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Adventure / August 20, 2017

America’s best section hikes

Written by: Molly McCowan

Almost every U.S. hiker has at least entertained the idea of thru-hiking one of America’s “Triple Crown” trails. We’ve all read Bill Bryson’s “A Walk in the Woods” or Cheryl Strayed’s “Wild”… or at least we’ve seen the movies.

But the hard reality is that most of us can’t just take four to six months off to hike a long trail. We have jobs to do, children to raise, and showers to take. Thus, our backpacking trips are generally measured in days, not weeks.

Thankfully the Pacific Crest Trail, Continental Divide Trail, and Appalachian Trial all have some pretty outstanding (and accessible) short sections. Each of these can be completed in a week or less.

PCT: Three Sisters and Obsidian Falls (28 miles)

Oregon's "Three Sisters" volcanoes. From left to right, the South Sister, Middle Sister, and North Sister. Photo by Lyn Topinka, USGS

An open stretch of the PCT in Oregon's Three Sisters Wilderness. Photo by Norris Hung.

The Three Sisters are a set (a trio, really) of glaciated volcanic peaks that serve as the namesake for Oregon’s second largest wilderness area. The hike to them isn’t easy, but stunning views and a wild character make it well worth the effort.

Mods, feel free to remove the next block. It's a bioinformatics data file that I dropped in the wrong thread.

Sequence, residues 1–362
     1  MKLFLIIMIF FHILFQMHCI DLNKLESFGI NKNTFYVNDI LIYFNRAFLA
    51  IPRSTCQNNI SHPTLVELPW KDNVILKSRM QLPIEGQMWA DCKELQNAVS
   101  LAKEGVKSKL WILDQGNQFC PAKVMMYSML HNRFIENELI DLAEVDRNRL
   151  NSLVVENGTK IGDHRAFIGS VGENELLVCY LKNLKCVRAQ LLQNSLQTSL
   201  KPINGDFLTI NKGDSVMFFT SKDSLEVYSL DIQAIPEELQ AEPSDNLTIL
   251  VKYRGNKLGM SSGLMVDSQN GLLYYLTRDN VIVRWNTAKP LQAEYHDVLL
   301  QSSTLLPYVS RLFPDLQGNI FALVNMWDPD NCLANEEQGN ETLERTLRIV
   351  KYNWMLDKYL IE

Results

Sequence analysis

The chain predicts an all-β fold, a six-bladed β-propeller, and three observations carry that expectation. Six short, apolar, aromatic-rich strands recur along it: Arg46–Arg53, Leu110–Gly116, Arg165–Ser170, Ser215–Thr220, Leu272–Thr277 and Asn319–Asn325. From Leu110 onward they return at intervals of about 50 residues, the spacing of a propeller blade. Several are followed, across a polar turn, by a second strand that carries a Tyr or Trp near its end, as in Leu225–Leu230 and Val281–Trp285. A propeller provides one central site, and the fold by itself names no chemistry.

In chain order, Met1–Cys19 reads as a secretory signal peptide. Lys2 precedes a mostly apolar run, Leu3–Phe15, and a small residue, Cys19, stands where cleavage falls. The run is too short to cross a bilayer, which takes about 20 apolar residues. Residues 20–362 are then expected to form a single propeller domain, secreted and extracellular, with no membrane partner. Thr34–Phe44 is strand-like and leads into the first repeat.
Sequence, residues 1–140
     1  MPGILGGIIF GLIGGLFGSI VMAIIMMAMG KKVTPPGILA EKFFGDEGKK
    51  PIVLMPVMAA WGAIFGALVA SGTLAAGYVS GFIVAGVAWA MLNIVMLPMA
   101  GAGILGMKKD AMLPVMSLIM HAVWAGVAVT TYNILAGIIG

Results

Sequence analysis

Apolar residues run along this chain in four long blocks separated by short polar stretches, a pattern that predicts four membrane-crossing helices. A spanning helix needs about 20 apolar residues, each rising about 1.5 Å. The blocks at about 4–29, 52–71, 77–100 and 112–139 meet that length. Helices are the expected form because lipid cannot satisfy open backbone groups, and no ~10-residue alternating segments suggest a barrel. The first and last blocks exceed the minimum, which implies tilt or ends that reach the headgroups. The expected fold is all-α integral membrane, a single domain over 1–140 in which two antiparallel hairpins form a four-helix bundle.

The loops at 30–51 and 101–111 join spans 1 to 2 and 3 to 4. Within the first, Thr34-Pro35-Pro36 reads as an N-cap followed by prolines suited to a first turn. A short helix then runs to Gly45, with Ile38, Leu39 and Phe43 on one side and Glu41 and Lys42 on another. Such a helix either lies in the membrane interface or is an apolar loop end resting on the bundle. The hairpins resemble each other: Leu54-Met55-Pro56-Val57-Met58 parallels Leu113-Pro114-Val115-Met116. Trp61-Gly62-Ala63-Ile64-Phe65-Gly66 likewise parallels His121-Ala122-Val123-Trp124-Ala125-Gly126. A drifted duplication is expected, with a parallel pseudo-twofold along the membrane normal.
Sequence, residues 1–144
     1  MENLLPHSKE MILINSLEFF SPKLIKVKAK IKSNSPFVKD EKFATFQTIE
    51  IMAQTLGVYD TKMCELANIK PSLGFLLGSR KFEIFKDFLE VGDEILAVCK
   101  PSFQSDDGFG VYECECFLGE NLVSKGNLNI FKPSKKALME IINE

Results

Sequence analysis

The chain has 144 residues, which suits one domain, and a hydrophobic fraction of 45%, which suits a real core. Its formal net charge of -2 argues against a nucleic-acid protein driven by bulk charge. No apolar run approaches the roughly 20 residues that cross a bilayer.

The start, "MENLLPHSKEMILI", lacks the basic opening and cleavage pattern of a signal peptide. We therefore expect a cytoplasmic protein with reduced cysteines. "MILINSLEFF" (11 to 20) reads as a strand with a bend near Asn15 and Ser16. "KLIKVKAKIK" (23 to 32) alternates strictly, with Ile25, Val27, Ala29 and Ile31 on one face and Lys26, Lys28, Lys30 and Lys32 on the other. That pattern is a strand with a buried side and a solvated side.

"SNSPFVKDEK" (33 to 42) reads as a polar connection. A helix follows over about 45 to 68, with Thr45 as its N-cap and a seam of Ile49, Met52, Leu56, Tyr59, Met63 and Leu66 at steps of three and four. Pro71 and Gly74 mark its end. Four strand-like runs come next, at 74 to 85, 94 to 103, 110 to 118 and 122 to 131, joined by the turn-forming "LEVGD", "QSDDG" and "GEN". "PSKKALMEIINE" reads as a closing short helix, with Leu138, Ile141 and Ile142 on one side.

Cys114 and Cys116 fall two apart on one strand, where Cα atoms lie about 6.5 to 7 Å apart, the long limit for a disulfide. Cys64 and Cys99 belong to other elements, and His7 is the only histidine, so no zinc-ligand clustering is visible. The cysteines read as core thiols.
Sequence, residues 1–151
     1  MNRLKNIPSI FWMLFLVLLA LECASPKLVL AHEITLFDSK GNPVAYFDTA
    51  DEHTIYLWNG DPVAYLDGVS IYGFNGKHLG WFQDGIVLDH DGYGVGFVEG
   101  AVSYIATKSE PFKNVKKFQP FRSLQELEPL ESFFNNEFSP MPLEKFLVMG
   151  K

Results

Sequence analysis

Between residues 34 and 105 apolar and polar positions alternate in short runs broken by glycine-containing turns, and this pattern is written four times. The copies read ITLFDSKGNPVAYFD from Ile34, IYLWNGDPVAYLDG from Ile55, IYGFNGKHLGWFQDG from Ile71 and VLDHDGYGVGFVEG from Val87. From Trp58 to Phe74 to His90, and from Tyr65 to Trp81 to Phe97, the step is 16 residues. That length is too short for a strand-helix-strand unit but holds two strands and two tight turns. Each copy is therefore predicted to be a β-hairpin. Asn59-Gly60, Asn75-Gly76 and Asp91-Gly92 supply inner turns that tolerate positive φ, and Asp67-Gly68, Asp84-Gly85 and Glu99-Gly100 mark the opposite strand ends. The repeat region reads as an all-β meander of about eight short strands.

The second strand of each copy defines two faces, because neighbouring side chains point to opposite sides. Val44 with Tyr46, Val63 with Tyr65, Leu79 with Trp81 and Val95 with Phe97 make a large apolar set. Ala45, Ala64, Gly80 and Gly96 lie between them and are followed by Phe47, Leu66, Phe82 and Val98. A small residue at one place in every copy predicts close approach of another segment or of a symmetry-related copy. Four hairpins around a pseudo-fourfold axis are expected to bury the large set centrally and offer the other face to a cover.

Even serious hikers often take a full week for this section, which opens with a 6,000 foot climb in the first five miles. The rest of the trail is easier, but travelers usually slow down to take in sights like Obsidian Falls: a 20-foot waterfall that flows over a wall of solid obsidian.

Guidebook: The trip is best detailed in Paul Gerard’s “Day and Section Hikes: Pacific Crest Trail, Oregon”


PCT: Tuolumne Meadows to Yosemite Valley (28 miles)

Fairview Dome looms over Yosemite's Tuolumne Meadows. Photo by Don Graham.

Few spectacles on Earth compare to the beauty of Yosemite Valley. Photo by Andrew Kearns.

Running parallel to the northern portion of the John Muir Trail, this section hike features all the best features of the JMT, but none of the crowds. The hike tours the rivers and waterfalls of Yosemite’s Cathedral Range, which is far from visitors’ centers, established campgrounds, and most of the park’s 3.85 million annual visitors.

Most hikers take three or four days to complete this section, hiking from north to south. The southernmost portion of the trip can be done on the JMT, but our sources recommend taking the Mist Trail, which passes several lakes and waterfalls.